The IDTechEx event on emerging technologies starts tomorrow

IDTechEx brings the business and technology communities on key future technologies together at the Santa Clara Convention Center, in California. Their event is focused on some of the most important and most exciting emerging technologies of the future with focus on 3D Printing, Internet of Things, Printed Electronics, Wearable Technologies, Graphene and Supercapacitors. To attract at least 2,500 attendees and more than 200 exhibitors. Hear from the IDTechEx team a day before the conference kicks off. Find out more about the IDTechEx events at:

Murata Cheerleader Robots on inverted pendulum showcase sensors

Posted by – October 11, 2014

Self-balancing on a ball by inverted pendulum, they dance synchronized, using sensors, cameras and perfect precision in the remote coordination, they demonstrate some of Murata’s sensor components and innovation ability. You can watch the rest of the video to see some of Murata’s sensors, energy harvesting demonstrations and more.

Moff band, wearable smart toy

Posted by – October 10, 2014

Slap it onto your wrist, and your movements turn into sounds through bluetooth to your smartphone/tablet. Successful on Kickstarter, it has over 30 sounds on the app thus far, you can play air drums, you can sword fight, you can shoot, you can throw ninja weapons or make some magic in the air.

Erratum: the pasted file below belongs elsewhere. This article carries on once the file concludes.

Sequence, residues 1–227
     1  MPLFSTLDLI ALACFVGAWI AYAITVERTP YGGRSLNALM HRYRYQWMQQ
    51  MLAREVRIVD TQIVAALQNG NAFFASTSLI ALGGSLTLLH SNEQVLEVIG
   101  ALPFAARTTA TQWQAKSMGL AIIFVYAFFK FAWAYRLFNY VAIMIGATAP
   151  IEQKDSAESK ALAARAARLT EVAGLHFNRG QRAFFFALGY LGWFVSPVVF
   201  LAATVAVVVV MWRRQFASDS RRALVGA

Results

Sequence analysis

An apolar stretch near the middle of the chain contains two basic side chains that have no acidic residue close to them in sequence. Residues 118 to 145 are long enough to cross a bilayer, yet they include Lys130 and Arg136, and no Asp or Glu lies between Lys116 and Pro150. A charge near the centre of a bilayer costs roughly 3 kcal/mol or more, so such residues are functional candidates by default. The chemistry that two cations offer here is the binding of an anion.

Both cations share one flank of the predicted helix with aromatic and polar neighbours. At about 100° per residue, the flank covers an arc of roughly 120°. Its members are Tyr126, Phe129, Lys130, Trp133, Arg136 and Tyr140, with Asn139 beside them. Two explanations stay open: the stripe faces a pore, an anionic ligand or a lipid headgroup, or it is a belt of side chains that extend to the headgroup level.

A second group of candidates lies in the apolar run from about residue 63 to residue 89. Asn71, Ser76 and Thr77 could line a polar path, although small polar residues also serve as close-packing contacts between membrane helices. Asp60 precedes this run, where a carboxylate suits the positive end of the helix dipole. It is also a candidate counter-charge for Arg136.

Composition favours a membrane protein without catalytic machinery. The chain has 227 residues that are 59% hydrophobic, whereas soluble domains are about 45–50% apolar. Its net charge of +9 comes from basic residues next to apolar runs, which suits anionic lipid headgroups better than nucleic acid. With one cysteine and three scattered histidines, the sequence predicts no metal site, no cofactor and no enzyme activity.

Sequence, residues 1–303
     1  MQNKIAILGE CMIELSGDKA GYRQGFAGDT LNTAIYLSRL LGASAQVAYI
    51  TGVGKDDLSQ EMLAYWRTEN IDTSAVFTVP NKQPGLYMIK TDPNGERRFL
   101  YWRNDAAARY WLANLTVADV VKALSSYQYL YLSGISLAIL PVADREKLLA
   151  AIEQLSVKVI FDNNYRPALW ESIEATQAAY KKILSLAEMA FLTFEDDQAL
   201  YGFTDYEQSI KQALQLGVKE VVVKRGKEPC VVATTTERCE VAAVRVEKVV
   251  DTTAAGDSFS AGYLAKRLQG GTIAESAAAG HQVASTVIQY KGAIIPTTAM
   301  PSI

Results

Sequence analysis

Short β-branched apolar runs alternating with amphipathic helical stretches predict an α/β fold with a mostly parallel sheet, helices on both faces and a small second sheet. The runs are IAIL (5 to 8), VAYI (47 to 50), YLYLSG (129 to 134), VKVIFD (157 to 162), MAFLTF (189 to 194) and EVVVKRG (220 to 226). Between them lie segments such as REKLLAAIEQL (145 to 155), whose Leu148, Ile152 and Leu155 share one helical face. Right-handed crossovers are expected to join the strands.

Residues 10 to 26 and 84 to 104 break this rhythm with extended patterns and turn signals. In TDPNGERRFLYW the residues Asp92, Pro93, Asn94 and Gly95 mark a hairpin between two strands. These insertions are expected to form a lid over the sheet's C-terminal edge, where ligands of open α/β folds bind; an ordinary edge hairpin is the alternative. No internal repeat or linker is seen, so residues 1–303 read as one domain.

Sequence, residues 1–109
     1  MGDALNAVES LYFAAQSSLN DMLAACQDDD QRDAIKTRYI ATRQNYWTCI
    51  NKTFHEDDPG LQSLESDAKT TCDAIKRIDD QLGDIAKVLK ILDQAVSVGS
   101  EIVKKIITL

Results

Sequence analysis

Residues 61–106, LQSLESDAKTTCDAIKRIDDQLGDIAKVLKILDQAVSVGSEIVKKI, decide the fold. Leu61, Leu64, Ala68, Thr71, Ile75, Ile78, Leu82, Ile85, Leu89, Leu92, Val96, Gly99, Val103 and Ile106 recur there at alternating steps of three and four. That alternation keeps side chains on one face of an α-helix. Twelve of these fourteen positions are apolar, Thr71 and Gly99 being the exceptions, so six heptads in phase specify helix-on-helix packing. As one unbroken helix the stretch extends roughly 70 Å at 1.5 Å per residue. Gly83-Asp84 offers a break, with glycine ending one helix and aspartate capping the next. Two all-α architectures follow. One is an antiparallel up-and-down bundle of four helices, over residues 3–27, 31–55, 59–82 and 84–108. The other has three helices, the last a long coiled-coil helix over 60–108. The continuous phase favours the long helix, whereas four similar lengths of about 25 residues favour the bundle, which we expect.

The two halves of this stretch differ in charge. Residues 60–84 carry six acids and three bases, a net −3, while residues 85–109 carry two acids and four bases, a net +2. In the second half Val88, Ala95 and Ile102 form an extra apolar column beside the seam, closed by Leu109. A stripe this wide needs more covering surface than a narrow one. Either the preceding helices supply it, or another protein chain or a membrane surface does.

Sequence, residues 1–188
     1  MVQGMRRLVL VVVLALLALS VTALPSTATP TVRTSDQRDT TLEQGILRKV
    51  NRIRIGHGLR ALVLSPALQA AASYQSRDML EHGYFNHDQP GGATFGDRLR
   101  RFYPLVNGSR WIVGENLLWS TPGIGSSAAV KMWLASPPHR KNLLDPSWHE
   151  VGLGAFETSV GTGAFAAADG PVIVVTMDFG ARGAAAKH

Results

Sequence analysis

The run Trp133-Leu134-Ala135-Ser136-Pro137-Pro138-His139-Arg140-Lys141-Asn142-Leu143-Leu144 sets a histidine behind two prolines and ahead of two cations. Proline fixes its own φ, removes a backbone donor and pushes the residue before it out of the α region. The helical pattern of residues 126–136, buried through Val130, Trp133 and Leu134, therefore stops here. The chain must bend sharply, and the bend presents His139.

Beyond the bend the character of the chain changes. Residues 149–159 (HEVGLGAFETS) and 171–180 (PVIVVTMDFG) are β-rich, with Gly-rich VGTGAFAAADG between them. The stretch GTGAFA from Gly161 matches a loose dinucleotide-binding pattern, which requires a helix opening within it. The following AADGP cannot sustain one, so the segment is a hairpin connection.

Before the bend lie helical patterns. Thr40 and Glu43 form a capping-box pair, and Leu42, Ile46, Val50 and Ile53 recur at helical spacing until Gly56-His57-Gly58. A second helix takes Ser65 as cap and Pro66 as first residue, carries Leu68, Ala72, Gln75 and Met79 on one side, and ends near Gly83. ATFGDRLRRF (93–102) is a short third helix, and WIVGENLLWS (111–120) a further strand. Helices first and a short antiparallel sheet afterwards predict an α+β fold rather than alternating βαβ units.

Udar Electronic Instrument

Posted by – October 10, 2014

The Udar Instrument is an invention by Michinobu UDA, the instrument has 400 sensors in a spiral providing several octaves of notes per hand.

Linxee Wireless Smart Home Solutions

Posted by – October 8, 2014

Linxee Wireless shows their intelligent LED light bulbs based on WiFi and ZigBee technology, to remote control the lights and colors with any Tablet or Smartphone. They also show their Smart Power Outlet, Smart Smoke detector, Smart IR blaster (to control TV/etc), Smart Gas detector, Smart Motion detector, Smart Door/Window Magnetic Sensor (detects if opened/closed), Smart Security camera, Smart Temperature sensor, Smart curtain control and more.

Novasentis actuators enable lifelike keyboards and devices

Posted by – October 6, 2014